Sometimes nurses and doctors mix like oil and water.

It’s important to find a candidate who answers this question with a positive attitude towards doctors, but also an appreciation for their own field. You aren’t necessarily looking to hire or avoid a candidate who wants to be a doctor someday. On the other hand, you do want to hear evidence of a definite plan for career growth and dreams about the future. It tells you a lot about work ethic.

There’s nothing wrong with hiring someone who wants to move from a nursing position to being a doctor, either. Just watch out for candidates who seem to "go with the flow" and don’t discuss possibilities for growth. Whatever answer is given, it should show passion and direction.

Question #4: What professional association memberships and affiliations do you have?

This answer should give you a good idea if they have the desire for more information and to stay current in the field, much like nurse interview question 3 initially tackled.

You want a candidate who is active and involved in the field, beyond just having gone to nursing school. A candidate who is not only a member but is actively involved in a professional organization is a great find.

Question #5: What do you do to stay current with medical findings and practices?

A good candidate is interested in the latest developments in medical research and patient care. This question will give you a good idea how seriously they take this part of the job.

Watch for someone who expresses an interest in regularly reading journal articles, attending professional conferences, and has a definite system for staying up to date. Great nurses stay informed and put their research into practice, with facility approval, of course.

Question #6: What interests you about working here?

Listen for an answer that clicks with your facility’s work culture and ethic. This is a common question for many jobs, but it will tell you a lot.

Does this person sound like they would enjoy working in your facility? Why? Do they understand the facility, its mission and values, and the work that would be expected of them? How do their personal goals and aspirations align with those of your organization? That's how you find a real team player.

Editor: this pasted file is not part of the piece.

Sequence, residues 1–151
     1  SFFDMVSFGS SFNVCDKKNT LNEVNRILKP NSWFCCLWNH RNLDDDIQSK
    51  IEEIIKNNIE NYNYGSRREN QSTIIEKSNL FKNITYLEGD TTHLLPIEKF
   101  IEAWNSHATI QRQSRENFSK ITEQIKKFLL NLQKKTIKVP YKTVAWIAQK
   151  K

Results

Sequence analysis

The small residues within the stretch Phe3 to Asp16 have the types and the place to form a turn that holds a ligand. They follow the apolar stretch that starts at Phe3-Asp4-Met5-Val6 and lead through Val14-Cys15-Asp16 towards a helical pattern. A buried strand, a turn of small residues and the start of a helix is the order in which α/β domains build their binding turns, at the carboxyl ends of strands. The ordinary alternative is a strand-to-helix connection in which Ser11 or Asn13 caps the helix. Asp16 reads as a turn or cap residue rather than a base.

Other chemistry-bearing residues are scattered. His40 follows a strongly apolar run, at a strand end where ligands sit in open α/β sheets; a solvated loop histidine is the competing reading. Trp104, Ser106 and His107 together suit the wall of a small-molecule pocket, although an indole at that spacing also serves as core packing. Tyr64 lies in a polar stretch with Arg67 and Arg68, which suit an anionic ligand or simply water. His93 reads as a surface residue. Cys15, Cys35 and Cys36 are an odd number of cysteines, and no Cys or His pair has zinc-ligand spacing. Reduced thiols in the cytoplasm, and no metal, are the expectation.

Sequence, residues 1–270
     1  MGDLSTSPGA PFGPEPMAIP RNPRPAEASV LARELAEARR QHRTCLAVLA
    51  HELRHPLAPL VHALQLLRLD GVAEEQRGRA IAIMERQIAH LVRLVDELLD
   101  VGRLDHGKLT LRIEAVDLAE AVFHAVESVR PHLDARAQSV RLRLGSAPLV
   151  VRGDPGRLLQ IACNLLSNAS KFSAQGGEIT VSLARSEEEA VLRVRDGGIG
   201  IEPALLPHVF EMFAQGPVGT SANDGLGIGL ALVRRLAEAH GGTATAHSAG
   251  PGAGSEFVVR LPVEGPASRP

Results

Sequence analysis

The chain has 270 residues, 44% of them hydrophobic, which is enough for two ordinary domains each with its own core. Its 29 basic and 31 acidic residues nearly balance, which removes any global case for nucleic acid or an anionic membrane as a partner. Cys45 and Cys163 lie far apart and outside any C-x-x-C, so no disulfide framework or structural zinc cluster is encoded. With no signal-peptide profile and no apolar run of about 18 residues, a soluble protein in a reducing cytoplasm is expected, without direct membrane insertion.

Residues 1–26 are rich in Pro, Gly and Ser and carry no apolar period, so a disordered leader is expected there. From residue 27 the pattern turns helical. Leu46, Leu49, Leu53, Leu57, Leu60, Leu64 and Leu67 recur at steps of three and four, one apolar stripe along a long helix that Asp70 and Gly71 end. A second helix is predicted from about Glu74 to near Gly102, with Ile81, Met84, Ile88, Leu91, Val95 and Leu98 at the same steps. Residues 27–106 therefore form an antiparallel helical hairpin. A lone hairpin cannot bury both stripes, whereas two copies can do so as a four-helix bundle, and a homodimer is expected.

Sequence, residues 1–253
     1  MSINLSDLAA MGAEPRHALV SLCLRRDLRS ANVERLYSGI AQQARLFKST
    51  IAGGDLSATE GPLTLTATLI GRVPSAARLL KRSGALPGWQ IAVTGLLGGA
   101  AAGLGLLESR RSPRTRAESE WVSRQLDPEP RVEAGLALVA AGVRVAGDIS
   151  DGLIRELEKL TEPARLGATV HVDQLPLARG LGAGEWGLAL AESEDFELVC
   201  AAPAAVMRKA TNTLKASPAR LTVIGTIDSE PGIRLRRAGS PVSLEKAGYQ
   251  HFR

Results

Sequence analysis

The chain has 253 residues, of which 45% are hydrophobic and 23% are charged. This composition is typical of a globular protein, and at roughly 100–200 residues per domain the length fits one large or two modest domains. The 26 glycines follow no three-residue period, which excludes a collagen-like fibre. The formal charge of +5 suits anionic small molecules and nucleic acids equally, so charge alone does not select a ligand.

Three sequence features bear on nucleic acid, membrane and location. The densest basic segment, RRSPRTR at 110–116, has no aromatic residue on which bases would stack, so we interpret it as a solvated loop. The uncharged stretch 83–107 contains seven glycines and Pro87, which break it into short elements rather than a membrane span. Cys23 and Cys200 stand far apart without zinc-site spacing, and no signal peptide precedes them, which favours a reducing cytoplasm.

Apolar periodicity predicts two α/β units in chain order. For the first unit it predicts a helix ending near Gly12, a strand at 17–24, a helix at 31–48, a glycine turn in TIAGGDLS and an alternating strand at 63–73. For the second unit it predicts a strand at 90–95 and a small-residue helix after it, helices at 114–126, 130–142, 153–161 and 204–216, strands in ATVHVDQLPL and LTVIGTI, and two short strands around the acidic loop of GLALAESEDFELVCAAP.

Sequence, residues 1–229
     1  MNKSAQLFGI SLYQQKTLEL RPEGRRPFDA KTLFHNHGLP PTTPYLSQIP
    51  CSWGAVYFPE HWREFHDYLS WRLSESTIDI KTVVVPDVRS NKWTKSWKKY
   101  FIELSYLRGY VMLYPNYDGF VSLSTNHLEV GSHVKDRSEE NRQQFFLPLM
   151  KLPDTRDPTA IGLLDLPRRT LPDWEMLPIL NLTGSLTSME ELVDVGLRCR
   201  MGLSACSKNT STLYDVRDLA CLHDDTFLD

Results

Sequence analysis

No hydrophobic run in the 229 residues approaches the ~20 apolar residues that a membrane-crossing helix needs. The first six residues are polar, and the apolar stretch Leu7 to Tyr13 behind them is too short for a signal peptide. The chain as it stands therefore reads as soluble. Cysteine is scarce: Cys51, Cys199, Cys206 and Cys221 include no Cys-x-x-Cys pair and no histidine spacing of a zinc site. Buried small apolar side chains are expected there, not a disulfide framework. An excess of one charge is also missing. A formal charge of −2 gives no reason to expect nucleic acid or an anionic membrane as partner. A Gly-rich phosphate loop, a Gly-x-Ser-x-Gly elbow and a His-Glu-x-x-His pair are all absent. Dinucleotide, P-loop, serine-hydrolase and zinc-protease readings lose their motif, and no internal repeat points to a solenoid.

Question #7: How do you handle stress on the job?

This behavioral question is a common question for nurses for a reason. The nursing profession is intense and high-stress, whether you're a registered nurse, staff nurse, CNA, nursing assistant etc.

The vast majority of nurses work 41 to 60 hours per week, and many suffer debilitating musculoskeletal injuries or are concerned about the effects of chronic and acute stress and overwork. Candidates need to be mentally and physically tough, with clear strategies for tackling stress and handling a difficult situation. Perhaps the greatest weakness a nurse can have is not admitting to the stress, and having no way of dealing with it. The greatest strength is perhaps then being able to admit when they're stressed out, and getting the help they need.

Even candidates who are just out of school and haven't had a previous job in the nursing field should be able to refer to how they handled stressful situations in school.

Additional Interview Questions to Ask:

  1. Do you have any time management tips other nurses could learn from?
  2. What is your most important achievement in your nursing career to date?